CB: Yes, as I said, I drew a lot from hard-copy resources. I learned to be very cautious with the memories of people involved. I love talking to people but I prefer to have their stories backed up with recorded facts.


ELR: How long did it take to put this book together?


CB: I have the very unprofessional way of writing and putting books together simultaneously; once I was finished writing for this one, I only needed a month or so to edit it.


ELR: Some people might argue they'd want a more comprehensive view of the tour (more casual fans) - but those generalized accounts of the tour already exist, with some additional focus on some of the more famous shows like Venice and Versailles: what do you think is particularly important about these two Rotterdam shows and do you feel music history would benefit from more detailed accounts of each show on this tour (or any other Pink Floyd tours for that matter)? What did your focus on these two shows teach you as you researched and focused on this effort?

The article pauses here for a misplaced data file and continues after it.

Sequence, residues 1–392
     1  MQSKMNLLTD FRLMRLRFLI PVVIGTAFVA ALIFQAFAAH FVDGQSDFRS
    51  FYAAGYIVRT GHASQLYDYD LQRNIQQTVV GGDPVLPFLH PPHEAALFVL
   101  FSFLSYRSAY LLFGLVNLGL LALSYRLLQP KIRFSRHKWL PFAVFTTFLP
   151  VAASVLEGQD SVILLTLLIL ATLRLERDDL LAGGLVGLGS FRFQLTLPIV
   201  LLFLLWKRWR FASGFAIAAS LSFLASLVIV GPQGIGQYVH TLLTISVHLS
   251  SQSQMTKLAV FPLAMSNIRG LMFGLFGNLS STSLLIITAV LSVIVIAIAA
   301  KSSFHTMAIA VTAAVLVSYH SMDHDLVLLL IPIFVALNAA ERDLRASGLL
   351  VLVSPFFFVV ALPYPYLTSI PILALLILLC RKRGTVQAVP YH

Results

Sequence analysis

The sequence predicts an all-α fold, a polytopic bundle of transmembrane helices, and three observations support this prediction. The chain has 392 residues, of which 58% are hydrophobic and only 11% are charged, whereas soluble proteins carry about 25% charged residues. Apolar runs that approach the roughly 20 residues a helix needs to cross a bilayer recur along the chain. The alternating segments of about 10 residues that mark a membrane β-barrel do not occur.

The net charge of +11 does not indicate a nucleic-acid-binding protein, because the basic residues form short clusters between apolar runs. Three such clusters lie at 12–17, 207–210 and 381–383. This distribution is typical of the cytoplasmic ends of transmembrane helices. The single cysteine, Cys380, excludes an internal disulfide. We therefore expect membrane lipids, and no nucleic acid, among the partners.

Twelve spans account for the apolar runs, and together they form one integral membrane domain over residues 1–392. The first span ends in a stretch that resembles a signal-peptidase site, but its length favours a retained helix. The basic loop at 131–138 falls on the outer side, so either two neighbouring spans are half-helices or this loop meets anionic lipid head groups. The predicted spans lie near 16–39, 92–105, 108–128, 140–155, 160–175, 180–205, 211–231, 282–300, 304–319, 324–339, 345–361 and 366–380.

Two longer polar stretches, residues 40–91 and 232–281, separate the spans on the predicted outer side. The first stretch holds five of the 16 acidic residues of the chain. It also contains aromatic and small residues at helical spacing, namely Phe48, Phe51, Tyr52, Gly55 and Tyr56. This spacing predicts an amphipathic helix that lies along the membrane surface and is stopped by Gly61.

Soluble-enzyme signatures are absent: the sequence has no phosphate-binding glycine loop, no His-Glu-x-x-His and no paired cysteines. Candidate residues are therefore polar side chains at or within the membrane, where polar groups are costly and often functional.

CB: These shows were important. They were life-changing events for most of the nearly 100,000 audience members that attended and that's what this book validates. It also showcases the process of pulling together an epic 80s rock show: from a broader perspective, it relates to music and production history in general. I love these detailed books myself. As I said, the 80s are a bit overlooked in Pink Floyd history and I would love to take that research up, to research it in-depth... but time.


ELR: Does the book discuss reviews of these shows?


CB: Yes it does, but I focused on reviews that added to the stories - such as a nice article that mentioned that the concert could be heard miles and miles away from the venue - and accounts of people getting rocked out of their beds when David started another guitar solo.